Alastair Gibson, a renowned artist, is pushing the boundaries of his chosen medium by creating physiologically perfect sculptures in carbon fibre. His innovative approach to the material extends its capabilities while sparking discussions on development and potential.
When contemplating a lion’s skull, one cannot help but be captivated by its teeth. The very mention of the word leads to contemplation of one’s own mouth. The explosive consonant forces the tongue against the incisors and canines, while the long ‘ee’ sound stretches the lips, creating a moment of anticipation, whether it be a smile or a bite.
The roar or yawn of a lion, observed from a distance in nature, through the barriers of a zoo enclosure, or abstractly on a digital screen, allows viewers to safely ponder the lethal capabilities of the dominant resident of Africa’s plains. However, it is the entire jaw structure, not just its cutting tools, where the true power of the king of beasts lies, as it kills its prey by breaking their necks or suffocating them.
Capturing the layered potency of the apex predator, Alastair Gibson has created Carbon King, a limited-edition, anatomically correct sculpture of a lion’s head in solid carbon fibre. The pioneering artist has used a hard yet brittle bismuth alloy for the teeth, while the bone structure of the skull consists of 333 plies of carbon fibre, reinforcing the brutal tenacity of a lion’s hunting technique.
In contrast to Damien Hirst’s “The Physical Impossibility of Death in the Mind of Someone Living,” which confronted irrational fears through the encounter with a 14-foot tiger shark suspended in formaldehyde, Gibson’s Carbon King prompts a different response.
The sculpture presents a lion’s skull with a hinged moveable jaw, representing the motion the predator would employ in the wild. Stripped of flesh, skin, and the majestic mane, the piece showcases pure functional structure—survival. Gibson’s artwork instills respect rather than fear, inviting a profound connection.
Carbon King is Gibson’s third exploration of solid carbon fibre art, offering a distinct aesthetic from the familiar woven texture. The sculpture is composed of horizontally laminated resin-impregnated carbon fibre sheets, resulting in a wavelike appearance that exudes latent energy.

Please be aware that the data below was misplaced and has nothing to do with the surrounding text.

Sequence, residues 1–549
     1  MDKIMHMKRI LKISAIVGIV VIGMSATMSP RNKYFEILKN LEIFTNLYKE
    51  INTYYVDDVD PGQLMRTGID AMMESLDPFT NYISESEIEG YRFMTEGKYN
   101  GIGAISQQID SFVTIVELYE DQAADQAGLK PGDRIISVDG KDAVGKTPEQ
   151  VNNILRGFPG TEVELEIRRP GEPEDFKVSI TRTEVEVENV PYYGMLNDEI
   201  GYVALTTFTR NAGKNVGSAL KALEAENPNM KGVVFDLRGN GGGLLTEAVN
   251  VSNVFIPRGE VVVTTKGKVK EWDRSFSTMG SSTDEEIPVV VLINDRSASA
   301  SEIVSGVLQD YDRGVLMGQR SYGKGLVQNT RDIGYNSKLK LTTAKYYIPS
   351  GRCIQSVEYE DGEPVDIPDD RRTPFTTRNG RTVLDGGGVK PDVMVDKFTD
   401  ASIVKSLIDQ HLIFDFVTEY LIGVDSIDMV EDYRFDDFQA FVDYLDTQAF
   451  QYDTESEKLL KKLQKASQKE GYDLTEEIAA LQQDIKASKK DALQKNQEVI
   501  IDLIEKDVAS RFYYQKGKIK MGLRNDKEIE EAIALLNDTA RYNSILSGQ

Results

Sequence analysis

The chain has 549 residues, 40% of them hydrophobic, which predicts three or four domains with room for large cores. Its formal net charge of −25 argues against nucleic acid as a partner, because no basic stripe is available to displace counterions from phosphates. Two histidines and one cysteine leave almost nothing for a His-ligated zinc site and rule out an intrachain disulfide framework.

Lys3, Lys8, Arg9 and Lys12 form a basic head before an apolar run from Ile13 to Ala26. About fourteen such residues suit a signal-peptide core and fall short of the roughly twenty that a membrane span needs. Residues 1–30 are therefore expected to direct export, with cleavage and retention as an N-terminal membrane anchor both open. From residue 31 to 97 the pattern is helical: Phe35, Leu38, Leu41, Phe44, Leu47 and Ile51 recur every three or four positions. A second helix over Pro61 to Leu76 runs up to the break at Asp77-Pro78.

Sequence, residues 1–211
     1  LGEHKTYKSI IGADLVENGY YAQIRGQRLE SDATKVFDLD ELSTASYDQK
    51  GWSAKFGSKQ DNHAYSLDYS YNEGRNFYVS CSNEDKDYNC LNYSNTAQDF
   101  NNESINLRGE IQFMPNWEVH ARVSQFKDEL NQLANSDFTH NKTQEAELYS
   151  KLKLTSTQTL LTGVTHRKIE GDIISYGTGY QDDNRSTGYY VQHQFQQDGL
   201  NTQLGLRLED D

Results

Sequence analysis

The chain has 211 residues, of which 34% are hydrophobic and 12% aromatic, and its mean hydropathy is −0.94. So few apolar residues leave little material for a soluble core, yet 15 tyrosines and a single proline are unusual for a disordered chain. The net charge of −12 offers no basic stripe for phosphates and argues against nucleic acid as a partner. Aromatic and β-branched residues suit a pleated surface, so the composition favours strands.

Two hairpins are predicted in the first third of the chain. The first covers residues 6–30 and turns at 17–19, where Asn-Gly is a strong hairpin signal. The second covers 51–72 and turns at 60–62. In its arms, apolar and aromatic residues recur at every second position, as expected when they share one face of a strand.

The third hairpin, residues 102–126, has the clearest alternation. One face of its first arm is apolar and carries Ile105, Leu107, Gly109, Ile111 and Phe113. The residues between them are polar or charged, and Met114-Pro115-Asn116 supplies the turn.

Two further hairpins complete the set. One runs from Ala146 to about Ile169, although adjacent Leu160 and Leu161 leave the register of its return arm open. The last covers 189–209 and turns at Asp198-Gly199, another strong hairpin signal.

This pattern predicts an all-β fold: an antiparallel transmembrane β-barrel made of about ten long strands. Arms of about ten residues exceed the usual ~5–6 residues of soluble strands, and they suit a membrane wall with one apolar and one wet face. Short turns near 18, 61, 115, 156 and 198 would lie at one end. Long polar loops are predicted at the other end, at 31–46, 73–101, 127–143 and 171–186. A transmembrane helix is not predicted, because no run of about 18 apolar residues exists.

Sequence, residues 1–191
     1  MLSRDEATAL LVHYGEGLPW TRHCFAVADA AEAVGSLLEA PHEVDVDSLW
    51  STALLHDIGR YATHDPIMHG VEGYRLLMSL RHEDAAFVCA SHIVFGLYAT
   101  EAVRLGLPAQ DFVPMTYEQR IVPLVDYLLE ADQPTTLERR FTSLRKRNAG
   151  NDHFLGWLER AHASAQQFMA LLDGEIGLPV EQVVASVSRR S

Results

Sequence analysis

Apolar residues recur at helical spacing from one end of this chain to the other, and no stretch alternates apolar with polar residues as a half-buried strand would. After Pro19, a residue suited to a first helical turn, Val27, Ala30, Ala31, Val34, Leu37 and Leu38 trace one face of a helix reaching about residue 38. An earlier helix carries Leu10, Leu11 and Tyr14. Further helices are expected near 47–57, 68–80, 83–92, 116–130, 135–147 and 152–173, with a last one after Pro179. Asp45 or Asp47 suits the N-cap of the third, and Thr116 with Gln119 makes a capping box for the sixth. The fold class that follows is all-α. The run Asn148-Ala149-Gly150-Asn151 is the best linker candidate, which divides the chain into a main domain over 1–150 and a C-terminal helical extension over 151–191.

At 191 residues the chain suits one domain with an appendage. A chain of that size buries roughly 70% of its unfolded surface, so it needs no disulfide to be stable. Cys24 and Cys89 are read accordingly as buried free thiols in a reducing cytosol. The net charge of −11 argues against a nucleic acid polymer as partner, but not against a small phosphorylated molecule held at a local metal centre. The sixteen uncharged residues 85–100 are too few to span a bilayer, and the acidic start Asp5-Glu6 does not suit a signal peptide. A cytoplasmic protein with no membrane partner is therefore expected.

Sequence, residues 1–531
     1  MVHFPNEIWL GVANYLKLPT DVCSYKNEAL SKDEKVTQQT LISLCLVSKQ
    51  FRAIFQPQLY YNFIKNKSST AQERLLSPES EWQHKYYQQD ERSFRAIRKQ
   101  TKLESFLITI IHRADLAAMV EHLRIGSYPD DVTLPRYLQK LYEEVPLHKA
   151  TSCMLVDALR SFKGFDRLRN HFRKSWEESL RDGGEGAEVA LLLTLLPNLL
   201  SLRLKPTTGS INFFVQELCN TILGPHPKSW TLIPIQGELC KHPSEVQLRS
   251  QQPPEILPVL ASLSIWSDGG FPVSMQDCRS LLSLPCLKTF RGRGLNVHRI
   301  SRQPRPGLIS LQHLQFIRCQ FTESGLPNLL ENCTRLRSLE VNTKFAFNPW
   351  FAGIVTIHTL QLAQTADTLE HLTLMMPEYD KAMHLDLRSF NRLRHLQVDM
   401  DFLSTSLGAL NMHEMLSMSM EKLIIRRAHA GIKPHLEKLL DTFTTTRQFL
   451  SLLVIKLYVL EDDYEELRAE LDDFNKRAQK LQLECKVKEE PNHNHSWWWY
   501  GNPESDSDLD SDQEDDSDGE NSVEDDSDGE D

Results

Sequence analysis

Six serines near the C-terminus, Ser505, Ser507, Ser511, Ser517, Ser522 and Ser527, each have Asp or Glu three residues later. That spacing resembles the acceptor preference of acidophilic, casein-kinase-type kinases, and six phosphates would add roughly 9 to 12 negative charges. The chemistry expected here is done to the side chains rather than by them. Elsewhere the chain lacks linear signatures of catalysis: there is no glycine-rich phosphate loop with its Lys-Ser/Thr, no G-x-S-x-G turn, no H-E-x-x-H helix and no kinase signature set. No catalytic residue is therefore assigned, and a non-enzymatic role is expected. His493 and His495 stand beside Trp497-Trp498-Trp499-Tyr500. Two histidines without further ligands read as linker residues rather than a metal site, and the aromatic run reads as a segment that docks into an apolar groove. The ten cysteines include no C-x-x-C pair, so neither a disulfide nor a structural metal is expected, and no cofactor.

Gibson’s passion for wildlife, the natural world, and evolution was ignited during his childhood in South Africa. The design for Carbon King was developed using a skull loaned from the Iziko South African Museum in Cape Town. With Table Mountain as his inspiration, Gibson meticulously created the foundation for the sculpture.
Having spent over two decades in the motorsports industry, including 14 years in Formula One, Gibson brings technical precision and artistic flair to his sculptures, which have been sold to more than 2,500 collectors worldwide.
Working with carbon fibre, Gibson explores one of the building blocks of life while considering it as “a material for the future of mankind.” Unlike Hirst’s shark, which had to be replaced after 15 years, Gibson’s Carbon King is made from durable materials and is mounted on a gearbox selector barrel from a Honda F1 race car.
Gibson continues to push the boundaries of composition in carbon fibre and will unveil his most challenging work to date in 2023—a sculpture that combines his creative imagination, artistic expression, problem-solving skills, and engineering expertise. The piece will be a detailed study of the human form, expanding on his previous works, “We Are All Made of Stars” and “God Save The African Queen.”
ArtÓ gallery is proud to represent Alastair Gibson as he continues to explore the possibilities of carbon fibre art. “Getting intimate with Carbon King is both terrifying and tantalising. The impact of the teeth and jaw on your senses makes you realize the true deadliness of a lion,” says ArtÓ Founder Antony Finn. “But the piece goes beyond an immediate reaction, inviting contemplation of what it takes to stay on top in nature.”
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